UPS and Teamsters Reach Tentative Agreement on Contract

Union membership still needs to ratify the contract to avert a strike.

UPS driver unloads a truck.
(Image credit: Getty Images)

The United Parcel Service (UPS) and the International Brotherhood of Teamsters announced a tentative five-year agreement Tuesday, averting a strike for now that could have caused a major disruption of delivery services.

Negotiations between the delivery service - which counts Amazon as a major customer - and its union members broke down on July 5 over issues including wages and benefits for part-time employees. Late last week, the two parties said they would resume talks this week and hoped to reach an agreement before the current contract expires on Aug. 1.

The tentative agreement, which covers roughly 340,000 UPS union members, is subject to voting and ratification by the members, who are slated to meet on July 31 to review and recommend the deal, the Teamsters said in a statement. Member voting begins Aug. 3 and ends on Aug. 22.

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While the tentative agreement is a major step, it still must be ratified by the union. Some observers say they are cautiously optimistic given the recent failure of talks between rival FedEx and the FedEx Air Line Pilots Association (APLA) .

FedEx pilots rejected a tentative contract with the carrier yesterday by a vote of 57% to 43%. Captain Chris Norman, chair of FedEx APLA, said in a statement that members would regroup, prepare for the next steps and establish a timeline for assessing pilot group priorities. The National Mediation Board is expected to convene a status conference with both parties but there is no timeline for this to occur, Norman added.

FedEx said in a statement that it is disappointed. “While we are disappointed in these voting results, FedEx will continue to bargain in good faith with our pilots to achieve an agreement that is fair for all FedEx stakeholders,” the company said.

Wage hikes part of UPS-Teamsters' deal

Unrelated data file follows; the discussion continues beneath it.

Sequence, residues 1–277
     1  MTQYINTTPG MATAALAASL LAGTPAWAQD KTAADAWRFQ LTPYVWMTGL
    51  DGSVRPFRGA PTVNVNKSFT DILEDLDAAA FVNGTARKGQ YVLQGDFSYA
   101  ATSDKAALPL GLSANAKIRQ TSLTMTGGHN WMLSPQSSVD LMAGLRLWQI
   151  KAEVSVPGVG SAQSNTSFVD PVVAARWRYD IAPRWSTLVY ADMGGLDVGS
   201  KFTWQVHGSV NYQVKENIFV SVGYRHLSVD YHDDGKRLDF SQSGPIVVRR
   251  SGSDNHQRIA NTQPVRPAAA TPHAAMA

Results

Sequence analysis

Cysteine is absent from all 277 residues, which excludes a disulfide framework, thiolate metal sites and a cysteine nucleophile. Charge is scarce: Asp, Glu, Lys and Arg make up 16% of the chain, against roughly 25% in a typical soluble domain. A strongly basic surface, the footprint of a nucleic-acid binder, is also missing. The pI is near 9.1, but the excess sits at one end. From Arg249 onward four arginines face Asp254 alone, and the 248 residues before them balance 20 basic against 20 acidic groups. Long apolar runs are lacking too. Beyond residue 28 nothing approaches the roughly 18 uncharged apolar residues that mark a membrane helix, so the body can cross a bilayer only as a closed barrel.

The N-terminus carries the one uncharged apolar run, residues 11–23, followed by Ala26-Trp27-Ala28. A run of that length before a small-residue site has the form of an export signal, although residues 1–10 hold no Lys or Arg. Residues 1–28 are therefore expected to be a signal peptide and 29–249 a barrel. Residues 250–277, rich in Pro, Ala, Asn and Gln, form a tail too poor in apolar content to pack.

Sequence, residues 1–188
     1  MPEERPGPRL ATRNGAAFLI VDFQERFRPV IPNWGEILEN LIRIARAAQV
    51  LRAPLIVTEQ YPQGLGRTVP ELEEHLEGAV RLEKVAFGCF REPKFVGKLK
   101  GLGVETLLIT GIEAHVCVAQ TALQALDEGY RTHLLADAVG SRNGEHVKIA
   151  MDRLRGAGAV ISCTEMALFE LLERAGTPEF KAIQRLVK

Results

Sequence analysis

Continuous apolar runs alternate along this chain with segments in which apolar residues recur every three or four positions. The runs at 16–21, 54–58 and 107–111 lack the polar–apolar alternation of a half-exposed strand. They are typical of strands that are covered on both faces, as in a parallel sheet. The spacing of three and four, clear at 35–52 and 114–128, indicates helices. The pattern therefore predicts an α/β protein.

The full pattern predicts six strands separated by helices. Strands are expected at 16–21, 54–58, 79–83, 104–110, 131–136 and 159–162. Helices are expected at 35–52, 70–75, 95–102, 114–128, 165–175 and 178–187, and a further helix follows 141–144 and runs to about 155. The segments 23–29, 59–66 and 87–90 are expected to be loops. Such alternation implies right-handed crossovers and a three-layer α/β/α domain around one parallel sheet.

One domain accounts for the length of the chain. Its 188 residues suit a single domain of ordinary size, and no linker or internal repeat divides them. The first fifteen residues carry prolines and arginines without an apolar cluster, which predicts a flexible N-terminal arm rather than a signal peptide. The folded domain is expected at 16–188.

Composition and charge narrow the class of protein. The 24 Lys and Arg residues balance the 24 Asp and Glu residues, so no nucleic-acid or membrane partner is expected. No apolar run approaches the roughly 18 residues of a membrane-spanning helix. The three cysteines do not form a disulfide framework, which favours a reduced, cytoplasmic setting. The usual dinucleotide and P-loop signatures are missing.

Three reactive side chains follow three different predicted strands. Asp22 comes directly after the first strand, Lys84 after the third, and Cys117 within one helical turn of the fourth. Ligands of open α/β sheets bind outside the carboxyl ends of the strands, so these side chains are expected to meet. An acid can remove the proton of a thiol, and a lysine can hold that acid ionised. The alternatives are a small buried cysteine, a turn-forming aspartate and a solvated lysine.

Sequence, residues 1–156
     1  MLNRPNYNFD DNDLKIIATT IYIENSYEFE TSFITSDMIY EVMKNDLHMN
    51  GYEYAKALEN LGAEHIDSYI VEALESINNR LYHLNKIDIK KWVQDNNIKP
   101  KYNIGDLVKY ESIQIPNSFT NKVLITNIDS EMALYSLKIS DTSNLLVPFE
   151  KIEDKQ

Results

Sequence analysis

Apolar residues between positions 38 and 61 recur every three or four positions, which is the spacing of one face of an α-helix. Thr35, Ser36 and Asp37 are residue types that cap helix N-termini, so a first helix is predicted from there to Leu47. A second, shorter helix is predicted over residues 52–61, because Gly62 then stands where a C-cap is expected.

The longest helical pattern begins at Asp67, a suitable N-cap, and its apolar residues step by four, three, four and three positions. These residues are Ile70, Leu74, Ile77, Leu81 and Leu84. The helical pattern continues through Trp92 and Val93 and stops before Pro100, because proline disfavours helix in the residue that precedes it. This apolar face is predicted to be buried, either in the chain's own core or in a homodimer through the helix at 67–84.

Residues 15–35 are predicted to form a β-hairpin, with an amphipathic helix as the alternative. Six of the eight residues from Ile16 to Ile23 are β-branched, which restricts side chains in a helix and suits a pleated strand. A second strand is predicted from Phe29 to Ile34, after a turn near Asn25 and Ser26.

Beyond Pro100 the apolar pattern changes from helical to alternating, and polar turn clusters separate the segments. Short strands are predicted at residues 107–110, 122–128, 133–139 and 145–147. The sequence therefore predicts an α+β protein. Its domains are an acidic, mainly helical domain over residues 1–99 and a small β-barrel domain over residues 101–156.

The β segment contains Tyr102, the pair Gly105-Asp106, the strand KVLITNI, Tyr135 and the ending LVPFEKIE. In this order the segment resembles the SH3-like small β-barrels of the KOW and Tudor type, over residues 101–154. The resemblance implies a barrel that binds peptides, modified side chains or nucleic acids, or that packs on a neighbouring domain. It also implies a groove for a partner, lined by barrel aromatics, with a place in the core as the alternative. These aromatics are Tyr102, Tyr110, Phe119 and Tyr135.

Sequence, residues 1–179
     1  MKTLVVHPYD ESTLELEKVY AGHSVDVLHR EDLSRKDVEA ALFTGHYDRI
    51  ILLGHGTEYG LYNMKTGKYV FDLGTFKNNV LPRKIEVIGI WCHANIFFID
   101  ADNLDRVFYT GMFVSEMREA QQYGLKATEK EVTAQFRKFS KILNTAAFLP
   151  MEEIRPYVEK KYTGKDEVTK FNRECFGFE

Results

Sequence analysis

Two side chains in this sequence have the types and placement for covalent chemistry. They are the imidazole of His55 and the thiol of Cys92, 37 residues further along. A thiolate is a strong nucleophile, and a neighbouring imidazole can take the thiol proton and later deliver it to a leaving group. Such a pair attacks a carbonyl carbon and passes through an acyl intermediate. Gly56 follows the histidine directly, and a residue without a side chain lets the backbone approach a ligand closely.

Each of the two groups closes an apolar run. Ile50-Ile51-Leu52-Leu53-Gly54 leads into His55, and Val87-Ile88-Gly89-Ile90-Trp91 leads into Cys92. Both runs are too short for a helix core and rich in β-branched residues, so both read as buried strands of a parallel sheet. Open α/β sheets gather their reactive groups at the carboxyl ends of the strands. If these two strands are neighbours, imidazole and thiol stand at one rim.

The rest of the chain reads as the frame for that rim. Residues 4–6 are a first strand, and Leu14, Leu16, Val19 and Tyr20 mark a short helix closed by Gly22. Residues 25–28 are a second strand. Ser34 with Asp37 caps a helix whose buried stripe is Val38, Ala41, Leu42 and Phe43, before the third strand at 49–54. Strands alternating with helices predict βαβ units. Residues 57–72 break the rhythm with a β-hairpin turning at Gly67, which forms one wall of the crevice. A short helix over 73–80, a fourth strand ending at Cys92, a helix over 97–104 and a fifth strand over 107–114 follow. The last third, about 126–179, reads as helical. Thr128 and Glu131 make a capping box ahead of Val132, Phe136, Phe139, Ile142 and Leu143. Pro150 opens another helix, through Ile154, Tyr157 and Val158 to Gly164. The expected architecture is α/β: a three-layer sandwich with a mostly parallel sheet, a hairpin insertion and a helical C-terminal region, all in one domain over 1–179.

The tentative UPS-Teamsters' contracts includes wage increases for all workers, creates more full-time jobs and provides dozens of workplace protections and improvements, the Teamsters said.

“We demanded the best contract in the history of UPS, and we got it,” said Teamsters General President Sean M. O’Brien. “UPS has put $30 billion in new money on the table as a direct result of these negotiations.”

The agreement covers Teamsters union employees in small-package roles and is subject to voting and ratification by union members, UPS said in a statement.

“Together we reached a win-win-win agreement on the issues that are important to Teamsters leadership, our employees and to UPS and our customers,” said Carol Tomé, UPS chief executive in a statement. “This agreement continues to reward UPS’s full- and part-time employees with industry-leading pay and benefits while retaining the flexibility we need to stay competitive, serve our customers and keep our business strong.”

Senior News Editor

Esther D’Amico is Kiplinger’s senior news editor. A long-time antitrust and congressional affairs journalist, Esther has covered a range of beats including infrastructure, climate change and the industrial chemicals sector. She previously served as chief correspondent for a financial news service where she chronicled debates in and out of Congress, the Department of Justice, the Federal Trade Commission and the Commerce Department with a particular focus on large mergers and acquisitions. She holds a bachelor’s degree in journalism and in English.